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Lions Roar : November 2006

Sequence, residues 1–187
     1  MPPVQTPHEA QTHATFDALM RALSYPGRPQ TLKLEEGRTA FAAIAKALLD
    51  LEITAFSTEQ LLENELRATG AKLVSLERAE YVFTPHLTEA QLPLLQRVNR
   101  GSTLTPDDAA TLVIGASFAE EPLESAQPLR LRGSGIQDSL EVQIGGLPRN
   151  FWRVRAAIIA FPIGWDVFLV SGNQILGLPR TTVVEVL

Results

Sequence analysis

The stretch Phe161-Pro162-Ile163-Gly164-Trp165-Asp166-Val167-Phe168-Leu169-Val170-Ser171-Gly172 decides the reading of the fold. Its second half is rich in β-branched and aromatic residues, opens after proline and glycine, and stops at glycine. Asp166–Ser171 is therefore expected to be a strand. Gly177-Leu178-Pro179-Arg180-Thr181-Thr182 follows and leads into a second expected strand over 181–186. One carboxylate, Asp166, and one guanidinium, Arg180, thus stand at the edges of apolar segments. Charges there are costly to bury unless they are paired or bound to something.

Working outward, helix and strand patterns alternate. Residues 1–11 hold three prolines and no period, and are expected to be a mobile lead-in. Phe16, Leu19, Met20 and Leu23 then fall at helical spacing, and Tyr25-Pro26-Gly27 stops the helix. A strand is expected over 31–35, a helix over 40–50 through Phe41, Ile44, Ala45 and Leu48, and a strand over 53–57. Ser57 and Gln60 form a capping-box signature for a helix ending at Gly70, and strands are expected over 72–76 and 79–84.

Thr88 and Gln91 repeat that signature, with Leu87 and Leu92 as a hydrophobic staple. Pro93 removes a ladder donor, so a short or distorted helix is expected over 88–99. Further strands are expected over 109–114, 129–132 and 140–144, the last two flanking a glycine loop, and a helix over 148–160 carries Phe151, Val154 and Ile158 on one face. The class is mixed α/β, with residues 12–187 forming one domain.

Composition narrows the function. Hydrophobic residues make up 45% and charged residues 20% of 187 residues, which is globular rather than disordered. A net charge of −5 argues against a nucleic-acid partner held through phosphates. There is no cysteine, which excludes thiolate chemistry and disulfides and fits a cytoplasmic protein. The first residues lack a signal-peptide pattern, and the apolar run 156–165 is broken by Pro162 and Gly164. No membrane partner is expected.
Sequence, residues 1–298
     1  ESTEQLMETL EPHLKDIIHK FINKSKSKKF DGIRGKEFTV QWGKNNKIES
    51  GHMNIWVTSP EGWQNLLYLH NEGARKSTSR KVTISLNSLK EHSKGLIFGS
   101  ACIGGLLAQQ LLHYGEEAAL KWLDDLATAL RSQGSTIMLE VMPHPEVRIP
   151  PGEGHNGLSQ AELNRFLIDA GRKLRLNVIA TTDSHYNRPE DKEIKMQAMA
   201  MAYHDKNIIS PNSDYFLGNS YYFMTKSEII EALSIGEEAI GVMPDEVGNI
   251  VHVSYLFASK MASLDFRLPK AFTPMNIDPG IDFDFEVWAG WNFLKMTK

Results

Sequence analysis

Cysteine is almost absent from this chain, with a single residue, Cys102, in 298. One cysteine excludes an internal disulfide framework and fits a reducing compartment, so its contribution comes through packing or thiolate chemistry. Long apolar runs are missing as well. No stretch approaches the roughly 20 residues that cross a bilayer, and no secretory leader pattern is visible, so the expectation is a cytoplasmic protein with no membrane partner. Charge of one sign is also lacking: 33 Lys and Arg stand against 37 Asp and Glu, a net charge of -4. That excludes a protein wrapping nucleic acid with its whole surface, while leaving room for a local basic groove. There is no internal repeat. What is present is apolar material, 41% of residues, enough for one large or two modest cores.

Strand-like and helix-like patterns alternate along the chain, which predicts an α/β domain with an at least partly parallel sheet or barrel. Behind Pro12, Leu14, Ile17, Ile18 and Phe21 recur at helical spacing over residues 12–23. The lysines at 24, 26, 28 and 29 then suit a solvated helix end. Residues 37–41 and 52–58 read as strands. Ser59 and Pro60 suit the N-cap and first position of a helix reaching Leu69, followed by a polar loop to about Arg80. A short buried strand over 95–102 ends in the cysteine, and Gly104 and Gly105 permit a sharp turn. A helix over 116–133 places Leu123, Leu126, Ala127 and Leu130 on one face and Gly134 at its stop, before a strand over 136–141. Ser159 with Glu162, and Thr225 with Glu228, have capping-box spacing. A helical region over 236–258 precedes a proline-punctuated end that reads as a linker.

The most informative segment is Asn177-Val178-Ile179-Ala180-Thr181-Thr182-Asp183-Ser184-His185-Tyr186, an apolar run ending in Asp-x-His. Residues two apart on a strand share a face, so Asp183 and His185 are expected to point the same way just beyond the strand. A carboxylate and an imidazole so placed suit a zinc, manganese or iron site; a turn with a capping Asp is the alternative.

some sort of leap. You may leap like a flea, a grasshopper, a frog, or finally, like a bird, but some sort of leap is always taking place on the bodhisattva path. There is a tremendous sense of celebration and joy in finally being able to join the family of buddhas. At last we have de- cided to claim our inheritance, which is enlightenment. From the perspective of doubt, whatever enlightened quality exists in us may seem small scale. But from the perspective of actu- ality, a fully developed enlightened being exists in us already. Enlightenment is no longer a myth: it does exist, it is workable, and we are associated with it thoroughly and fully. So we have no doubts as to whether we are on the path or not. It is obvi- ous that we have made a commitment and that we are going to develop this ambitious project of becoming a buddha. Then I understood why my teacher had been sorting through his pile of old robes all afternoon; he was looking for the least worn robe to fix and make presentable for me. Tomorrow, for the first time, I would wear a brown robe. In a wavering voice I said, “Respected teacher, let us ask Aun- tie Tu to finish the sewing.” “No, I want to sew it for you with my own hands,” he replied softly. My teacher handed me the robe. I received it knowing it was tremendous encouragement and given with a tender and dis- creet love. My teacher’s voice at that moment was probably the gentlest and sweetest I had ever heard: “I mended this myself so that tomorrow you will have it to wear, my child.” It was so simple. But I was deeply moved when I heard these words. Although my body at the time was not kneeling before the Buddha, and my mouth was not uttering the great vow to save all beings, my heart made the vast and deep vow with all sincerity to live a life of service. From My Master’s Robe by Thich Nhat Hanh. Reprinted with permission of Parallax Press. JOHN DAIDO LOORI’s surprising first encounter with Taizan Maezumi Roshi That evening, one of Maezumi Rosh’s senior monastics knocked on my door and said Roshi wanted to invite me for a dinner of Kentucky Fried Chicken and sake. I went with him and discov- ered a full-blown party. For some reason, Roshi took a liking to me and insisted that I stay beside him through the evening. Some time around two in the morning I finally convinced him that I had to leave. I began cleaning up the mess we’d made, but he stopped me, said it wasn’t necessary, and pushed me out the door. I was surprised and disappointed that a Zen master would leave such a mess, but I was also exhausted, so I let it go. I went back to my apartment and lay down on the couch in my living room. I had barely drifted off to sleep when there was a knock. Maezumi Roshi stood at my door, wide awake and im- maculately dressed in robes, his head freshly shaven. “Roshi!” I exclaimed. “Come with me,” he hissed. It was an order. I follow him back to his apartment. The place was spotless. The low table in the dining room had four bowls and the im- plements for a formal tea ceremony. “Come,” said Roshi, ges- turing for me to sit down. “We will have tea.” He spooned powdered tea into a bowl and whisked it into a froth. “Soen Roshi,” he said, placing the bowl before one of the empty seats. He repeated the process and put that bowl in front of the other empty seat, saying, “Yasutani Roshi.” Yasutani was Maezumi’s teacher, who had recently passed away. The third bowl he presented to me. Finally, he whisked one for himself. The moment I touched the bowl to my lips and took a sip of tea, I felt something piercing, like a long skewer moving through all space and time. It skewered Minor White, Eido, Soen Maezumi Roshi, and, finally, me. I was so moved, tears of gratitude filled my eyes. Embarrassed, I glanced up and saw that Maezumi Roshi, too, had tears rolling down his cheeks. From The Zen of Creativity by John Daido Loori (Random House) ♦ 57 SHAMBHALA SUN NOVEMBER 2006 Taking the bodhisattva vow is an expression of settling down and making ourselves at home in this world. We are not concerned that somebody is going to attack us or destroy us. We are constantly exposing ourselves for the benefit of sentient beings. In fact, we are even giving up our ambition to attain enlightenment in favour of relieving the suffering and diffi- culties of people. Nevertheless, helplessly, we attain enlight- enment anyway. Bodhisattvas and great tathagatas in the past have taken this step, and we too can do so. It is simply up to us whether we are going to accept this richness or reject it and settle for a poverty-stricken mentality. ♦ From The Collected Works of Chögyam Trungpa, Volume Three, edited by Carolyn Rose Gimian. © 2003 by Diana J. Mukpo. Published by Shambhala Publications.